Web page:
Lawrie & Wilson Auctioneers Building (Former)
210 Tuam Street, Christchurch
List Entry Information
List Entry Status
List Entry Type
Historic Place Category 2
Private/No Public Access
26th November 1981
Extent of List Entry
Extent includes the land described as Lot 3 DP 473664 (CT 703793), Canterbury Land District and the building known as Lawrie & Wilson Auctioneers Building (Former), thereon.
Lot 3 DP 473664 (CT 703793), Canterbury Land District
The commercial building at 210 Tuam Street, Christchurch, was constructed in 1910 for Lawrie & Wilson, auctioneers, and has aesthetic and architectural significance for its ornate Edwardian façade and streetscape appeal. It has historical and social value for its association with its original commercial activity of auctioneering and later as a venue for recreation and entertainment. Following the loss of many historic buildings in the Canterbury earthquakes of 2010-11, it is now one of the few remaining examples in the city of typical small Edwardian commercial premises.
Messrs Lawrie and Wilson were established wholesale furniture manufacturers in Christchurch who used their intimate knowledge of the furniture trade to set themselves up as auctioneers and land, estate and commission agents the early twentieth century. In 1910 a dedicated commercial building was constructed for them. In reporting the official opening of the building, the Press described the ground floor as having a show room for furniture, an auction room and offices on the ground floor and the entire first floor was a general show room.
The building is situated immediately to the west of the remains of the Odeon Theatre (largely demolished following the Canterbury earthquakes of 2010-11), on the south side of Tuam Street. The Lawrie & Wilson Auctioneers Building is two storeys in height, rectangular in plan. Utilising an Edwardian interpretation of classical forms, its façade has a symmetrical composition with curvilinear ornamentation. The name of the firm LAWRIE & WILSON AUCTIONEERS is carved in stone just below the triangular pediment at the apex of the building. Construction materials are plastered brick with Oamaru stone decoration.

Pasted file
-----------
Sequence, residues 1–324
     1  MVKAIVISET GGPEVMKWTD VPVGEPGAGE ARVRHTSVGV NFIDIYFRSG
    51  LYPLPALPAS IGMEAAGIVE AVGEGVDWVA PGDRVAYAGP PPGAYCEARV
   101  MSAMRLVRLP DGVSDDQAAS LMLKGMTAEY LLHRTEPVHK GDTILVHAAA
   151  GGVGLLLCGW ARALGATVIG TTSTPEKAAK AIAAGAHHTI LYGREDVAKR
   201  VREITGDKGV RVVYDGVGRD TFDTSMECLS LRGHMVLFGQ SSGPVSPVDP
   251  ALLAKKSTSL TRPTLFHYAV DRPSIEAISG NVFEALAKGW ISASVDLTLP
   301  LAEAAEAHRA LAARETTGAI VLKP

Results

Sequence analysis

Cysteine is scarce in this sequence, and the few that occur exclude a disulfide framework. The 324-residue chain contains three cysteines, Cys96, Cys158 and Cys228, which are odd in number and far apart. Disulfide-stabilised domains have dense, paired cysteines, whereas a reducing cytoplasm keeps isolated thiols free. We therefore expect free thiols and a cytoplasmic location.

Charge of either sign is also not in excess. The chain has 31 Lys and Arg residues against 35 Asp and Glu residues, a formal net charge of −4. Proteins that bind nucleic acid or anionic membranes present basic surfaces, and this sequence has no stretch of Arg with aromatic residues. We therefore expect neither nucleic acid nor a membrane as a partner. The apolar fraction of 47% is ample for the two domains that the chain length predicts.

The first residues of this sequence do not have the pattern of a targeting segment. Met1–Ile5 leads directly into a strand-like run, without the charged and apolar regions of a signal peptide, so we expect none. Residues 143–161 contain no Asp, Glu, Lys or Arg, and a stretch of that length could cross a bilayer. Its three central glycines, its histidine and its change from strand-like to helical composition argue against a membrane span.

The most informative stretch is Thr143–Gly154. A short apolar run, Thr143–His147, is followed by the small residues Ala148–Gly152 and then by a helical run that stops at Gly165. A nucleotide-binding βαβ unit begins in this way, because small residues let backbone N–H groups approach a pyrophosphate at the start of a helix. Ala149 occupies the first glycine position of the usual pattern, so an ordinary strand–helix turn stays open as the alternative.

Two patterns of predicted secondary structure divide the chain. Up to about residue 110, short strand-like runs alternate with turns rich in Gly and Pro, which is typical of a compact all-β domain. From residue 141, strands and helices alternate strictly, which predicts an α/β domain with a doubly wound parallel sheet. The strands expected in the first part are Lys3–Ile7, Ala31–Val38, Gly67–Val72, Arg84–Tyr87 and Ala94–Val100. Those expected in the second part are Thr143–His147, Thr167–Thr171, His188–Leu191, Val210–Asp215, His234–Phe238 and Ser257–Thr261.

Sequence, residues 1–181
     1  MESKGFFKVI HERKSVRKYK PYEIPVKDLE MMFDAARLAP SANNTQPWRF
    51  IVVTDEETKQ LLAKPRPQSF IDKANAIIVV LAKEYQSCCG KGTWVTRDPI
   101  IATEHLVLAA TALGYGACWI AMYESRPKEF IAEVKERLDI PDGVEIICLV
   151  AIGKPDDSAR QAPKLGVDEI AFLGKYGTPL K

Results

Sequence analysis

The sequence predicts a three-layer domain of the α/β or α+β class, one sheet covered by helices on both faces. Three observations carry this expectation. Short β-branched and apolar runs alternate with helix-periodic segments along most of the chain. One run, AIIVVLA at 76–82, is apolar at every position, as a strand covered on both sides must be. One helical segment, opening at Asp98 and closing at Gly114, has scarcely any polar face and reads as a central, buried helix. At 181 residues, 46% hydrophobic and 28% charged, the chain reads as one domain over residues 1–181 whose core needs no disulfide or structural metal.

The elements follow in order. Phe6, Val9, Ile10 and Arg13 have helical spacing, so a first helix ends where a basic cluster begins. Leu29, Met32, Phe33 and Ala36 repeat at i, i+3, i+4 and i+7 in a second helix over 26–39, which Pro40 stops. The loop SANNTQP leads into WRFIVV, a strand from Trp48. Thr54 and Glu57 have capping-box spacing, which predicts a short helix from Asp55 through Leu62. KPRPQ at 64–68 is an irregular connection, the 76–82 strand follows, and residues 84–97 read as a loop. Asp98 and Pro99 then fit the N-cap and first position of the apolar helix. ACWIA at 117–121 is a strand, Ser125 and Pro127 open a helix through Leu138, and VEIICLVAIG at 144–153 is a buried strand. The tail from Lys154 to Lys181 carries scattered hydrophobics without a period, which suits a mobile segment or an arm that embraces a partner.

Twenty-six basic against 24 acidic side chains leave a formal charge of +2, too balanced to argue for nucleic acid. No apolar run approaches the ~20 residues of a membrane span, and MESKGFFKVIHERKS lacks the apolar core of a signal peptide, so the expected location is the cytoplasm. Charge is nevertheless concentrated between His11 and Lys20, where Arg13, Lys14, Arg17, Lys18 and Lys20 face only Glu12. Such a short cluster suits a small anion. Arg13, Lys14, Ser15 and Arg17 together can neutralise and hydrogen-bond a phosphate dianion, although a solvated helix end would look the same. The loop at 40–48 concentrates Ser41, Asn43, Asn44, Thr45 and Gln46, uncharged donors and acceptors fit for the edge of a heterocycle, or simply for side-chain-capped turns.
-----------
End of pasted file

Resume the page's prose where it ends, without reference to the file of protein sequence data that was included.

The building ceased to be used as auctioneers’ rooms around the late 1930s. It has had various uses since. Many of the occupants have been manufacturers or tradesmen, and at times it has had a recreational and entertainment function. Perhaps the most infamous occupant was the Pink Pussy Cat Club, a Christchurch strip club which opened on 9 March 1973. In the 1990s it was owned by the Christchurch City Council and at that time its future was uncertain, with the expectation that it would be demolished. It was twice notified for demolition (first in 1991 and again in May 1995) but in the end it was strengthened and restored and became the Council’s parking operations unit. It operated as such until the Canterbury earthquakes of 2010-11, after which it was acquired by the Canterbury Earthquake Recovery Authority.
Mr Wilson, of Lawrie and Wilson, auctioneers of Christchurch.
Mr Wilson is said to have carved the Oamaru stone facade details of the company's auction rooms at 210 Tuam Street, Christchurch.
25th May 2017
Report Written By
Please note that entry on the New Zealand Heritage List/Rarangi Korero identifies only the heritage values of the property concerned, and should not be construed as advice on the state of the property, or as a comment of its soundness or safety, including in regard to earthquake risk, safety in the event of fire, or insanitary conditions.
A fully referenced upgrade report is available on request from the Southern Region Office of Heritage New Zealand.